Figure 2. Map showing the levels of exposure of countries to climate change in West African countries.
to the low amount of rainfall and sparse vegetation cover in most part of these countries. Bamba et al., 2015 reported that the zones of vegetation in West Africa are principally related to rainfall-based climatic zones and the nature of the soil, with northern regions having increasingly drier vegetation upto the Sahara desert. Generally, in West Africa, countries with low amount of rainfall and increase drought occurrence are usually exposed to climate change and variability; this is due to the dependence of rainfall agriculture in the region (De Sherbinin et al., 2015).
The countries with the least levels of exposure to climate change are Guinea, Guinea Bissau, Liberia and Ghana. These countries are coastal countries that experience rainfall almost throughout the year and have highly dense tropical vegetative cover. Occurrence of drought event is not prominent in these countries and the agricultural sector is not as exposed to the impact of climate change when compared to countries in the Sahel region. Asare-Kyei (2017), reported that the frequency of occurrence of extreme events is expected to increase and the interaction of climate change with non-climate stressors will aggravate vulnerability of agricultural systems in the Sahel and Sudanian Savanna region of West Africa.
The report of sensitivity of West Africa countries to climate change (Figure 3) shows that Niger, Mali, Sierra Leone, Guinea and Burkina-Faso are highly sensitive to the climate change. The least sensitive countries are Ghana, Mauritania and Cape Verde. Sensitivity indicators are indicators that influence the degree to which the countries are affected or response to climate change. They are mainly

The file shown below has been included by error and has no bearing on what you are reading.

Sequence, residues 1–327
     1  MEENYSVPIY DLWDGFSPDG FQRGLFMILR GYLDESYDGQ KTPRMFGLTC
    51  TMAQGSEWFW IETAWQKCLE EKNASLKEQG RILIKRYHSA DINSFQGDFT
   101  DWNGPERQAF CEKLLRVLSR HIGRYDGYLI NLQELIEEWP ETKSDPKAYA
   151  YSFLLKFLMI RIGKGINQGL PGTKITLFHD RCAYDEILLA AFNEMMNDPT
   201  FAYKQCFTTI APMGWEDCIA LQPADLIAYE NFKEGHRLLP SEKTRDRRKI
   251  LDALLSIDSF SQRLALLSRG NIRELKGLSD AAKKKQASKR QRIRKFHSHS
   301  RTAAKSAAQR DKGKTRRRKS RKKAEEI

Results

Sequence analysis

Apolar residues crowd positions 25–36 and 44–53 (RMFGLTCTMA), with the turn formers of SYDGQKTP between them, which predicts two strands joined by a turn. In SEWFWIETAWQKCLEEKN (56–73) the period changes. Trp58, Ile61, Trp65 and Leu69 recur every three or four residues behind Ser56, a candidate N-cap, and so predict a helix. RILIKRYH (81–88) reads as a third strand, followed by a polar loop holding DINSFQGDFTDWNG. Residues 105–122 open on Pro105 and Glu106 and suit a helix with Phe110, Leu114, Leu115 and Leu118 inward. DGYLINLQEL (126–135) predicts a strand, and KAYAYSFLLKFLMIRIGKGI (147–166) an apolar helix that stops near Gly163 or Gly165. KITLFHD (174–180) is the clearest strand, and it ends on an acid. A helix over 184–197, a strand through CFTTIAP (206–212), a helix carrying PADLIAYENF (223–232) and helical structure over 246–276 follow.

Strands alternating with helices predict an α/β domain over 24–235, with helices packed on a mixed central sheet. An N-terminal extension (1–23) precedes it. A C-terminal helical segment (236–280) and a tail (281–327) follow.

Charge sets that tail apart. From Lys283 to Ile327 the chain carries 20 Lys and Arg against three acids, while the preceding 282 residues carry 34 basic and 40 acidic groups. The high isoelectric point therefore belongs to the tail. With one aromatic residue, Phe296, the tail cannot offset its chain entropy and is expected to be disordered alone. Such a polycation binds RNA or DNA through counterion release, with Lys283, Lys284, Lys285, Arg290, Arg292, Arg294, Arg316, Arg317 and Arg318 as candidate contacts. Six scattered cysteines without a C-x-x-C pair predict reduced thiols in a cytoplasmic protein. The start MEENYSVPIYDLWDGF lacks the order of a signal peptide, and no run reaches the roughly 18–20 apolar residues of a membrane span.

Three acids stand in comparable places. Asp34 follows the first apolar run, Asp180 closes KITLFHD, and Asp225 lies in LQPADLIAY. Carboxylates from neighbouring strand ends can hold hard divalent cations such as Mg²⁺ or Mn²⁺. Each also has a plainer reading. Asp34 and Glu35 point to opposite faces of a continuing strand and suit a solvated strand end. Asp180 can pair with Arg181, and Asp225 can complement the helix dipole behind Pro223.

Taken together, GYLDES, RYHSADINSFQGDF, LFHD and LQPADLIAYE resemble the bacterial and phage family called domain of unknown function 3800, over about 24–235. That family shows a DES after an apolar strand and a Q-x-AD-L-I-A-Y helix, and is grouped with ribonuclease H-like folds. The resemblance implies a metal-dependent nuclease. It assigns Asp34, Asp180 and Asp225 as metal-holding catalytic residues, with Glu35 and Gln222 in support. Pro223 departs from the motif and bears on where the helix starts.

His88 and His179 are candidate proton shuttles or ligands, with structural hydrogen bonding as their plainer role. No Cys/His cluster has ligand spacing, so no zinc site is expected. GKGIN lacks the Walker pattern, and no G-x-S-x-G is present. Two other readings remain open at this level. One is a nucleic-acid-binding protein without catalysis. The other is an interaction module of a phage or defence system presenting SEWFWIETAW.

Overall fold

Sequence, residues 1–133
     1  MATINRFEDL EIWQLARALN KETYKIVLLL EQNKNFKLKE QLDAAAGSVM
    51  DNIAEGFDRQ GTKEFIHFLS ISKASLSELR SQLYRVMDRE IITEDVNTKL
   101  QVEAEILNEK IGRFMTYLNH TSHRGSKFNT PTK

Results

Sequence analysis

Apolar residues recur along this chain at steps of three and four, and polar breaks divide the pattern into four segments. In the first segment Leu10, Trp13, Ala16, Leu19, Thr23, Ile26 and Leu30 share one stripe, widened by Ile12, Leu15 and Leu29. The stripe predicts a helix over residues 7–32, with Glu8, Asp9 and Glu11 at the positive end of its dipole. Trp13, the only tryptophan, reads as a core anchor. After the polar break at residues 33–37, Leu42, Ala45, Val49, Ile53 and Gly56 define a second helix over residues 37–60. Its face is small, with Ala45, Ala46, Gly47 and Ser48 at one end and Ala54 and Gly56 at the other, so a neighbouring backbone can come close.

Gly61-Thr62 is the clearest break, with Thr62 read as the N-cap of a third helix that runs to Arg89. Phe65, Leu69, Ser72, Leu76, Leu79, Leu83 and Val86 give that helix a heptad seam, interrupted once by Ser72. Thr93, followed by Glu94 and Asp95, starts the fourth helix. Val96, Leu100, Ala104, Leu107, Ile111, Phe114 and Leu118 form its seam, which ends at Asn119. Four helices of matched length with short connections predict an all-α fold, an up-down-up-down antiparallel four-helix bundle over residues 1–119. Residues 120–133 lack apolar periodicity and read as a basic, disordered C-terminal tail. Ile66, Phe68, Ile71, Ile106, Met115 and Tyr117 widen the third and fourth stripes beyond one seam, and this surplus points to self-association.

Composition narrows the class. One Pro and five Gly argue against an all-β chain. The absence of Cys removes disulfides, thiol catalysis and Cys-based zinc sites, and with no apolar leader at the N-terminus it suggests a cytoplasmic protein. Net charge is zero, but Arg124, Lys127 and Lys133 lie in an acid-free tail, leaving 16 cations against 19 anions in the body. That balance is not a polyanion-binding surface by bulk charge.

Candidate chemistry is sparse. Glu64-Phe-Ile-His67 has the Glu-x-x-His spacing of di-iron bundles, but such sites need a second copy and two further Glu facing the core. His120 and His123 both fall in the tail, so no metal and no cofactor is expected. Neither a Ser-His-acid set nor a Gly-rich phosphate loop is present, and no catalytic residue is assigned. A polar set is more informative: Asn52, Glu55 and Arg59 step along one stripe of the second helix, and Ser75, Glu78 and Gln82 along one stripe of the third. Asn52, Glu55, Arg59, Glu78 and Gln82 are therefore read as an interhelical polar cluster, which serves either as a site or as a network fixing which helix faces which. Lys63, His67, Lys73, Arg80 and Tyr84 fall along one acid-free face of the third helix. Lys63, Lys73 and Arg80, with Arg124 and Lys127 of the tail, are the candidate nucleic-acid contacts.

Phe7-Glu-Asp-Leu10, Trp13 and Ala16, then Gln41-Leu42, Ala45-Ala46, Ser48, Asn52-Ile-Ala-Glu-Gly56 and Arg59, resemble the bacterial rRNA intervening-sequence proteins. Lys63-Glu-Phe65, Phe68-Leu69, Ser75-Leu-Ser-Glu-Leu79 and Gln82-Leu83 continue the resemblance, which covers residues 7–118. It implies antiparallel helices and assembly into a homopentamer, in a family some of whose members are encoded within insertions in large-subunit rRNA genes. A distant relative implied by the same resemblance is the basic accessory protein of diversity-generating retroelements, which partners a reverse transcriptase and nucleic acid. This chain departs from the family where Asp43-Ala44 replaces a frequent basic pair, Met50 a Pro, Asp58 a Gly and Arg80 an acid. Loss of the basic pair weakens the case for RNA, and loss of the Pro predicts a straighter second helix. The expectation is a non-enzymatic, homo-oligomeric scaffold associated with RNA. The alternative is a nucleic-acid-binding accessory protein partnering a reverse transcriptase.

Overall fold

Figure 3. Map showing the levels of sensitivity of West African countries to climate change.
socioeconomic factors that can enhance or reduce vulnerability of a system or country to climate change and variability. Several studies have reported that socioeconomic factors must be considered when analysing vulnerability to climate change and its extremes (Antwi-Agyei et al., 2012; IPCC, 2014; Kamali et al., 2018). High incidence of poverty is a major contributing factor to vulnerability in many countries in West Africa (Acheampong et al., 2014). People living in these countries, especially farmers are confronted with various non-climatic shocks and stresses, which place additional burdens on their limited physical assets and constrain their ability to cope with the impacts of extreme climate events (Stringer et al., 2009). Low level of literacy by default means that rural people are excluded from decent paying jobs due to lack of adequate work skills and competence. In rural communities, lack of knowledge greatly limits ability of farmers to access information as well as new technology (Acheampong et al., 2014).